I had heard of a wealthy man who helped to build a mosque in their residential compound where many other families lived. They also employed an imam for the mosque who also stayed in the compound.
The man was very religious. However, the only problem was that he didn’t follow a timetable for his prayers. He was always late to come to the prayer assembly. He had instructed the imam not to start the prayers without him. There wasn’t any courageous person who could defy his decree. Therefore, everybody had to wait for him to arrive to start the prayers. Sometimes, they prayed when the prayer time was over.
The government official who held the ferry for almost three hours which resulted in the death of a boy who desperately needed medical care, reminds me of this person. The government official is a so-called VIP.
In our country, the public servants are regarded as VIPs; everything is easy for them; they enjoy all facilities of the government; they cross the vehicle-choked roads in minutes with their flagged cars whereas the people wait for hours; they get to perform pilgrimage with public money.
Now, who can be called a VIP? They could be heads of state, politicians, military high-ups, wealthy citizens, celebrities etc. But can the servants of the people be called VIPs? Our idea of a government has certainly changed from what we used to know during British colonial time and the Pakistani oppressive period.
The government that we would now like to accept is the one that cares for the people and serves the people, not the government that enforces all sorts of struggles for the people to endure. The time for establishing a government as a ruler has passed.
The VIP culture in this country is a naked display of how the state puts least importance on the people. The mentality of the government officials is: “People may suffer, but the VIPs should receive all the facilities.” They don’t value people’s needs, wants, and lives. Otherwise, why would an official delay a ferry knowing fully well there was a patient who needed emergency care? The nonchalance towards a dying person will remain as an extreme example of irresponsibility for many years to come.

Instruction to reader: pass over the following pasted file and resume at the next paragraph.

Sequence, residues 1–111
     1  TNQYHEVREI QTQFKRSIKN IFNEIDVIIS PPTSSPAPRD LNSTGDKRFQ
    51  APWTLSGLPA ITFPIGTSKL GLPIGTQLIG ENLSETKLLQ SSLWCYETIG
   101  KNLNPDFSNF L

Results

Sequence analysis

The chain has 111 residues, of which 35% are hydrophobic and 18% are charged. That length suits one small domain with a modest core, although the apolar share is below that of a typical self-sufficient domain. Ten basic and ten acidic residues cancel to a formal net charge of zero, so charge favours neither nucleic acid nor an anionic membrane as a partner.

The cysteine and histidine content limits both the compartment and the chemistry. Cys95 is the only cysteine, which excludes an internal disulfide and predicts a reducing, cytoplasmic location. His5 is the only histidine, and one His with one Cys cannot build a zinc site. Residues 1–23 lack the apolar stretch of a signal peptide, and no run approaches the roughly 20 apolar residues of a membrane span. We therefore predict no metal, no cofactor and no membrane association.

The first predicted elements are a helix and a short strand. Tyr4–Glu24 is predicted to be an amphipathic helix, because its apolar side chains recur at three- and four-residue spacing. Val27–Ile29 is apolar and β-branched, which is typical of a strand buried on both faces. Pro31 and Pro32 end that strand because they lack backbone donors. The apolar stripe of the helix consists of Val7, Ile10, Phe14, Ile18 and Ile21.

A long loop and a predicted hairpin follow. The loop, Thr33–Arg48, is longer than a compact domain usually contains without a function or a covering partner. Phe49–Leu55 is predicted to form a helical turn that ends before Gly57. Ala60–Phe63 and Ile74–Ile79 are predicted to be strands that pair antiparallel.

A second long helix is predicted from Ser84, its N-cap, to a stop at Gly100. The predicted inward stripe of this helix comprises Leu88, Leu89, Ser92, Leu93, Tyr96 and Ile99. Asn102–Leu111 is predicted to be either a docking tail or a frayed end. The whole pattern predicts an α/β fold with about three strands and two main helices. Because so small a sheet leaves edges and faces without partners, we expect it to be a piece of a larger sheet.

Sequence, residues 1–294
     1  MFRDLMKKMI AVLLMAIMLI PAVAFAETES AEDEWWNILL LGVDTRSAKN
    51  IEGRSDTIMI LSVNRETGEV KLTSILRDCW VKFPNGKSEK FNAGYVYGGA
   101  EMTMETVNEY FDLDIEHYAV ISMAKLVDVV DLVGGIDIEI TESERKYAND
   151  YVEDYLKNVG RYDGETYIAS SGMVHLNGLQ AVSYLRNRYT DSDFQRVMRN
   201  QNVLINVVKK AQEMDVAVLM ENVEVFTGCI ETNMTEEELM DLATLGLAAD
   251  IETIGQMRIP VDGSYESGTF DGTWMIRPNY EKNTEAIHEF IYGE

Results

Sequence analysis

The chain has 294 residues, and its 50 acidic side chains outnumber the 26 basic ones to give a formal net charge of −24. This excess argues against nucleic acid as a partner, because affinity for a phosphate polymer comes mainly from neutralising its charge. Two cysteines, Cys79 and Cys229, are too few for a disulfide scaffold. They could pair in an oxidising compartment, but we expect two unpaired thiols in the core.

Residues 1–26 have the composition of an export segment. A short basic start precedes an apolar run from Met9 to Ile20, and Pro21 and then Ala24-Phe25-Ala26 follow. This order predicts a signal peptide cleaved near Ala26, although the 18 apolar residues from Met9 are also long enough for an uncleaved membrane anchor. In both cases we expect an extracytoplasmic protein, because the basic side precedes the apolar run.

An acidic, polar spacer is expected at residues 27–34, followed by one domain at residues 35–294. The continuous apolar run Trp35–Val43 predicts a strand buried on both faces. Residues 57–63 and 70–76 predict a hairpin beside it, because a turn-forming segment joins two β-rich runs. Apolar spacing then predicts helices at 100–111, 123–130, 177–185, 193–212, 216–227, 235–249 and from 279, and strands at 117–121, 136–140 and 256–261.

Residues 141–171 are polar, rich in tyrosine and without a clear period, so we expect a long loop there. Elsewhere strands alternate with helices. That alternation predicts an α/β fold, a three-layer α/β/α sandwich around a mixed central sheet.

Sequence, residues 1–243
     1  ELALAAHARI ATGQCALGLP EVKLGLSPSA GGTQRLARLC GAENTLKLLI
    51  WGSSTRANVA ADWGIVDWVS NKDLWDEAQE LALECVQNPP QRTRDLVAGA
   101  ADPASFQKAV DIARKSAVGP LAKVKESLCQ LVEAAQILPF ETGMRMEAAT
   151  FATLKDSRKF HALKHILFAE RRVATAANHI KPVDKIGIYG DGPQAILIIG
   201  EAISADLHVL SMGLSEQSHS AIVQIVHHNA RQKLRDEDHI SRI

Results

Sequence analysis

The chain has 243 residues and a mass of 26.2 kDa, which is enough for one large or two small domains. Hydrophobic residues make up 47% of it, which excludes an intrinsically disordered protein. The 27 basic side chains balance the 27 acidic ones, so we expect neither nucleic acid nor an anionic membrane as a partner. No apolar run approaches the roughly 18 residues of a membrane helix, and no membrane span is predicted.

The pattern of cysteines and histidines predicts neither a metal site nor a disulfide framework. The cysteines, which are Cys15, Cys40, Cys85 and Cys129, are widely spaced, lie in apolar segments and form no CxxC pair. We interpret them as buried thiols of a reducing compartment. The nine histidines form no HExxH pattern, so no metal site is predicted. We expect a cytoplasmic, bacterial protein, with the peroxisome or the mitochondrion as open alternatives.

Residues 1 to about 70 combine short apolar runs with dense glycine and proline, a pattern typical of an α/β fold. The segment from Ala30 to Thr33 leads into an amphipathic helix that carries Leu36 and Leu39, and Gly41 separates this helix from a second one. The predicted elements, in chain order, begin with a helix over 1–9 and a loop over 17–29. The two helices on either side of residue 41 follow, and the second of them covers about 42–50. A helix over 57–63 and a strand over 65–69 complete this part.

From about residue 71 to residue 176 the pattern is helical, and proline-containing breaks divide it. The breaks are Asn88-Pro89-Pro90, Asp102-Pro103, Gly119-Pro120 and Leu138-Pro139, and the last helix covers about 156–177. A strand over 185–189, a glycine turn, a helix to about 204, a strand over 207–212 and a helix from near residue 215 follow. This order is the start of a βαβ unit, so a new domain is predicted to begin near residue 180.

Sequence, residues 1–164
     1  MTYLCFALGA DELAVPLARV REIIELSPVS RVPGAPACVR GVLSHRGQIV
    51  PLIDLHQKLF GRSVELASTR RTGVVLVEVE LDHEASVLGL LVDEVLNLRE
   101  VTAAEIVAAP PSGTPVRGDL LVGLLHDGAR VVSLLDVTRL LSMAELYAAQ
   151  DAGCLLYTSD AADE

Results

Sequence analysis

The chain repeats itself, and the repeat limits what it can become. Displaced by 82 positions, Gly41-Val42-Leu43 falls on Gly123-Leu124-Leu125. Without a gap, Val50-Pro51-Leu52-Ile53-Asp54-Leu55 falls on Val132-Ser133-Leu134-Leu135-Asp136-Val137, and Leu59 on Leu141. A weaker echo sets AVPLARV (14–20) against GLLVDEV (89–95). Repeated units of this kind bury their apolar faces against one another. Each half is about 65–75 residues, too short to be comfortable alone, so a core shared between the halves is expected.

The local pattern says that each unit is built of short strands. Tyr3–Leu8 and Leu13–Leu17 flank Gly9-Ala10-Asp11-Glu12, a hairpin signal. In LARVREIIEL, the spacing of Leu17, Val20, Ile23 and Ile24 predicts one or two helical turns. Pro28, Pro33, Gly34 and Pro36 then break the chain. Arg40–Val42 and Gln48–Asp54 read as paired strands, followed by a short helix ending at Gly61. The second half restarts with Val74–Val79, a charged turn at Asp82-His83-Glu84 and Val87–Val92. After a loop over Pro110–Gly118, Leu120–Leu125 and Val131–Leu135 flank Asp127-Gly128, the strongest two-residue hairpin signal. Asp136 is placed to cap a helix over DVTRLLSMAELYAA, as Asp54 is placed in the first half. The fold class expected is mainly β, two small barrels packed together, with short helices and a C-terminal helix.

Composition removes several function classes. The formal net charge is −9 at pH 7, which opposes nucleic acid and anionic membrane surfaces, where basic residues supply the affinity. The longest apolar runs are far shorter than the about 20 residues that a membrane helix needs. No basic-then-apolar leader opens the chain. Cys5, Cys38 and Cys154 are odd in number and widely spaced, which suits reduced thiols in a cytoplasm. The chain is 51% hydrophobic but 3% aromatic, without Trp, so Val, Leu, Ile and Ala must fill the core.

Have you seen the VIP vehicles? Have you heard how they honk with a different sound?
Have you thought about how intense their honkings are when their chauffeurs try to alert the pedestrians and vehicles of the common people? Their attitude is: “Let me pass first!”
There are some who accompany motorbike escorts along with their vehicles. The bikers drive the people and other vehicles away from the road so that the VIPs can pass through without any trouble.
A friend of mine was telling me about one of his plane journeys. The entire flight was delayed by an hour because there was a VIP among the passengers who was on his way to the airport. He delayed the flight schedule. How audacious! More than a hundred passengers suffered because the VIP couldn’t reach the airport on time! Well, he may be truly a VIP, but does he have the right to make a large number of people suffer?
Bangladesh has earned accolades as a humanitarian country across the world for housing the Rohinya refugees who have been driven out from their homeland. Sadly, this official who had delayed the ferry, resulting in a boy’s death, has tarnished the image of the country. His and the terminal authority’s action tells the opposite story to the world — how we have created amlas and not humans by following the VIP culture.
Now, where did this culture come from? From the colonial era? From the kings and monarchs of the past? Maybe, but the most unfortunate fact is that we have nurtured the culture and turned it into a practice that creates sufferings for others, especially for the owners (people) of the country. Developing a humble attitude within the psyche of government officials requires a conscience which our officials shamefully lack.
The court of law finally had to speak out as the conscience of the society. The court has now announced that apart from the president and prime minister of the country, everyone is a public servant. We ardently hope that the court announcement will have an impact on the heartless government officials.
First published in Dhaka Tribune.
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